Now, before I start, I’d just like to ask everyone to reserve their judgements until the very end.
*Takes a deep breath* And so I will begin.
I love to act. I love drama, I love theatre and there’s nothing I enjoy much more than being able to forget myself and become a whole new character. I’ve played lots of different archetypes in the past: the damsel in distress, I’ve played this quite a lot actually; the lovestruck female, this is quite an easy role, it’s kind of just me; the jealous villain; the messed-up, difficult-past drug addict, this is quite challenging because it’s NOT me; and the list goes on. At any rate, I think it’s amazing the way so many seemingly different, separate and – sometimes – irrelevant characters can come together to create a heart-warming play.
What I also think is amazing is the ease at which one person could play every single character.
So, in English, we study Macbeth – for those of you who live under a rock, that’s one of Shakespeare’s plays – and it is fabulous. It’s a bit depressing, but in a good way, and it just makes you think about a lot of different elements of life. For example, we studied the area of flaws and weaknesses in the characters and how that affected the rest of the play. (I’d totally love to play Lady Macbeth as well!) But one Science lesson – Physics to be precise – I decided to test out my acting skills to the ultimate extreme.
I said to my lovely Science buddy, Freyaaaa, “Do you think I could do the entirety of a Shakespeare play by myself?” She laughed. Not in a nasty, ‘of-course-you-couldn’t-Rianna’ way, but in more of a ‘I-know-that-you’ll-try-it-whatever-I-say’ way. So I did. I was going to try Romeo and Juliet (I’ve also been working on my Street Shakespeare, more on this another day…) but I haven’t finished reading the entire play, so I thought; hey, let me do Macbeth!
So I did.
I did the opening scene with the witches (of course I threw in a bit of impromptu acting) which went a bit like this:
WITCH 1 (RIANNA): How’s it going guys? Let’s do some witchy stuff.
WITCH 2 (Still RIANNA): Yeah definitely. Uhm… bubble and boil, cauldron something and other. Frogs and cats.
WITCH 3 (RIANNA again): Predict predict predict! Yes, lots of predictions. When are we gonna hang again?
WITCH 1 (… I think you get the idea): When the battle is finished and the hurly-burly-curly-wurly.
WITCH 2: Is this enough witchy stuff? Let’s go and make somebody’s life a misery.
WITCH 3: Yes, let’s make Macbeth’s life a misery.
WITCH 1: Not that he needs anymore with the sort of wife that he has!
WITCH 2: Well, let’s just do it for the bants. I mean, he’s a decent guy and he hasn’t done much wrong, let’s just pick on him!
WITCH 3: OMG that sounds like a lot of fun actually. Yeah, why not? I’m not that busy for the next *looks at watch on wrist* year or so?
And so on. (I improvised quite a lot as you could probably tell. I regret that I didn’t bring my script with me to my Physics lesson, but I will definitely make sure to bring scripts around with me in the future, in case the situation dictates it).
For the next half an hour, I played Banquo, Macbeth, the three witches, Lady Macbeth and King Duncan and his sons. It was exhausting but so rewarding, and I learnt many things: how to ride a horse without ever actually having rode a horse, how to stage a fight between two characters (both of whom I play – I can tell you that it requires a lot of slow motion, loud jeering accusations and sound effects), and likewise how to stage a murder. (SPOILER: if you haven’t read Macbeth, then there is a murder… Well, there’s lots of murders actually, I think you could probably just sum up the entire play with that word). And can I just say, it is VERY difficult to stage a murder when you have to keep switching between the sleeping person and the man who stabs him. Difficult… but NOT impossible.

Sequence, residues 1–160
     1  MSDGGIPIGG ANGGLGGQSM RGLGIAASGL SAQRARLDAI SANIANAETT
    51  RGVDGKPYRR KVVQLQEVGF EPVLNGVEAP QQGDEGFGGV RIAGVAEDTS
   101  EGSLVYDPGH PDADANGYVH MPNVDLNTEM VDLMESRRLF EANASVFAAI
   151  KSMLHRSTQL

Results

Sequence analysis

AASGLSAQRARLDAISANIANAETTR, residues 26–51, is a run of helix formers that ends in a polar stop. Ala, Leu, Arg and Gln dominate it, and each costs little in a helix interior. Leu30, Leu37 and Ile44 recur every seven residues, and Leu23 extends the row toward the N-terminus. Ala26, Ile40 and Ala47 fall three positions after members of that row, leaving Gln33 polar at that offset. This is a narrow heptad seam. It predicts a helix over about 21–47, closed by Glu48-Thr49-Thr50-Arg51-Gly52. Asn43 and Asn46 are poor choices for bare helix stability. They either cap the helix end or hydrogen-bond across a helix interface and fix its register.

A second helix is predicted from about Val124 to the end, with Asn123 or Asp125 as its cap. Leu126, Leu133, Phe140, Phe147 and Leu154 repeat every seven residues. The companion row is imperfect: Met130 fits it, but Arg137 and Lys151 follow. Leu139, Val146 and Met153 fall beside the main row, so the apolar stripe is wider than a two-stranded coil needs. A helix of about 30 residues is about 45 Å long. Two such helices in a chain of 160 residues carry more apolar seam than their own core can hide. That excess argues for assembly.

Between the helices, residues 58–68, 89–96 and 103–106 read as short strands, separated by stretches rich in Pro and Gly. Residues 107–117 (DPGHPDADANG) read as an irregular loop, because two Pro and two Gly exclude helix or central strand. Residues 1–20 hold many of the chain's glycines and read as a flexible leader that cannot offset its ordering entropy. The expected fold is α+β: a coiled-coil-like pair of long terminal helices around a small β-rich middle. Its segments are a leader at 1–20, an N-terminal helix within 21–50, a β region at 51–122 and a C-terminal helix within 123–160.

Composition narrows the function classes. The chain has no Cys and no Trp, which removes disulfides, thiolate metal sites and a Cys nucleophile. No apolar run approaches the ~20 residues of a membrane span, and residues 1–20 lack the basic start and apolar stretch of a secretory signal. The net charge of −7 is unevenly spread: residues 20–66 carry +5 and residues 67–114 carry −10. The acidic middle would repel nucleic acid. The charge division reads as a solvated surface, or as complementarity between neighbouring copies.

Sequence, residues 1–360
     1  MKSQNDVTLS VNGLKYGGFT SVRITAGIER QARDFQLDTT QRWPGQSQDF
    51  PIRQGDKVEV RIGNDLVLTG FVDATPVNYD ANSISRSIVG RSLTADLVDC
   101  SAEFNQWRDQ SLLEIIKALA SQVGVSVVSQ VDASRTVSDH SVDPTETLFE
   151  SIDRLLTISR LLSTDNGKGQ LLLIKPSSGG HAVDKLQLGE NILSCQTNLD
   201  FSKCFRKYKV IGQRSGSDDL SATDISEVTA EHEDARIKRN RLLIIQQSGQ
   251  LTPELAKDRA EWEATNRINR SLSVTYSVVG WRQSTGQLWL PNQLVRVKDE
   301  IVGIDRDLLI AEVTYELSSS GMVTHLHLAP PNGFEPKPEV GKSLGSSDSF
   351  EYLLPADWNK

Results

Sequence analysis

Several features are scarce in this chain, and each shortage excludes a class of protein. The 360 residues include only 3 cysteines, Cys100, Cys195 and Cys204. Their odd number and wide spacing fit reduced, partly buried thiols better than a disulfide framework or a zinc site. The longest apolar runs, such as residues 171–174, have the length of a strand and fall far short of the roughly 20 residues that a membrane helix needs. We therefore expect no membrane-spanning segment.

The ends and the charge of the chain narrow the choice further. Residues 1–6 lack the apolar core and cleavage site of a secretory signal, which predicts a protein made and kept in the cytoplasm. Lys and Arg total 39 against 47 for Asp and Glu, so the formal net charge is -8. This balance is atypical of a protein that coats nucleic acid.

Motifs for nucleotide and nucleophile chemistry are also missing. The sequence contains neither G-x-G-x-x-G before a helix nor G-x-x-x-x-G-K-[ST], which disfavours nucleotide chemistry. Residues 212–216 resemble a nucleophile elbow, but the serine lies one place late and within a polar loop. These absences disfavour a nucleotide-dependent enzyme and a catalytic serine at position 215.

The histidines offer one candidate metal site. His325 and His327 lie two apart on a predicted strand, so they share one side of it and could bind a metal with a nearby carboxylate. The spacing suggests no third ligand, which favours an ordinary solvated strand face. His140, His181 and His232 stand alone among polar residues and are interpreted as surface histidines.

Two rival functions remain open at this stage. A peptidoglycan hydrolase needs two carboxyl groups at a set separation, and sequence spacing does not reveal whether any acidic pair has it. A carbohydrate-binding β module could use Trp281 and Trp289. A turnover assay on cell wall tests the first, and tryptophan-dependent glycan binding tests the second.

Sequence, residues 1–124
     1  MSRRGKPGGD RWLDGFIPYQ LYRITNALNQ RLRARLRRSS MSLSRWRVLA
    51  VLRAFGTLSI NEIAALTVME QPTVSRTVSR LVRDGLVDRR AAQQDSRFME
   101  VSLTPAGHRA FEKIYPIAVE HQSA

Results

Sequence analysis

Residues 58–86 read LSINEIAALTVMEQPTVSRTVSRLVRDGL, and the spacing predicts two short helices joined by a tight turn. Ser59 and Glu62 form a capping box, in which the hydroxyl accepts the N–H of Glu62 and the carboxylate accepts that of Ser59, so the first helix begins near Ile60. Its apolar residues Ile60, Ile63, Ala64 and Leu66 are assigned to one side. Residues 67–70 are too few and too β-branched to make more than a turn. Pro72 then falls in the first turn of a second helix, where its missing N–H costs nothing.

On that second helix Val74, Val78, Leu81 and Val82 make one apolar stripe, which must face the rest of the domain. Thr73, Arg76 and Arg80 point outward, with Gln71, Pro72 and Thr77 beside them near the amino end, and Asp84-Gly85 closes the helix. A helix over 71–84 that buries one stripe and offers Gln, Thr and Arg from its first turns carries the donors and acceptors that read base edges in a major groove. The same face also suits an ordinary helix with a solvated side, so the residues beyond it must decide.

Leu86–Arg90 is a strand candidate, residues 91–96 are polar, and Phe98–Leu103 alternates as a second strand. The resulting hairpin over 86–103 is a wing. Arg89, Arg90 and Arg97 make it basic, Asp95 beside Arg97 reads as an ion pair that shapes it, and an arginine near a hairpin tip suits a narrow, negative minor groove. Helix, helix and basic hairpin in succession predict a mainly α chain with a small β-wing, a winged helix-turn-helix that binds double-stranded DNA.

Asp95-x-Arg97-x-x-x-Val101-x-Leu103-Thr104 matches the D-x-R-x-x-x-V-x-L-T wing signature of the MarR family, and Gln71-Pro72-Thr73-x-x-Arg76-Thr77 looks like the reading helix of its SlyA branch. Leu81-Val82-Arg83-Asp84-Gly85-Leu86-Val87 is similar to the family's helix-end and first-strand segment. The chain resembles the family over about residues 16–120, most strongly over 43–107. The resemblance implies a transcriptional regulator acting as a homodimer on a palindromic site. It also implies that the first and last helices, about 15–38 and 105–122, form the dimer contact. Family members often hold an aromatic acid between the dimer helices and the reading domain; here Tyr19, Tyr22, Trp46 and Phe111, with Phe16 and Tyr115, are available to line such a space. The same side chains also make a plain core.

But it’s lot of fun. In the end – I only managed to get up to the bit where King Duncan’s sons ran away… and running while remaining sitting down is very fun also! – I got a very hearty round of applause. (From 2 people, I haven’t quite made the big time just yet).
10 out of 10, would definitely recommend.
Joke, but seriously, my one-man show rendition of Macbeth (I was told by several top critics) was amusing and inventive, and put a whole new spin on an old play; with which I completely agreed.
So now, you can begin your judgement. Go on. Throw them at me. I don’t mind, I can take it.
Because other than DDP’s (Disney Dance Parties) not much else can entertain me so easily than One-Man Shows. The best bit about them is that you don’t have to share your pride or limelight with anyone else. LITERALLY. The only person who gets the credit for everything that the ‘actors’ do is just you. You also don’t have to rely on the rest of your group, especially the deadweights or the ones who are bad actors. You can interpret every role in exactly the way you want to, and you can add yourself to every role. And when people ask you the characters you’ve played before, you can just list the titles of plays. Because really, you’ve played all of them.
The unfortunate thing is that if you’re a bad actor, that sucks, because then you destroy every single part. As much as you don’t have to rely on anybody else, it means that all the pressure of the roles fall on you. And if people don’t like your interpretations of the roles, you’re stuffed… You’ve also got to interpret A LOT of the roles, so there could be some evident similarities between the characters that you play.
I think it’s so funny how I’m genuinely discussing this as if it is the most normal thing to do. But then again, who’s to say what is and what isn’t normal?
*Sighs contentedly* If only Shakespeare could see me now. (And also what I’m doing to his plays, he’d probably toss in his grave).
Adios mis amigos,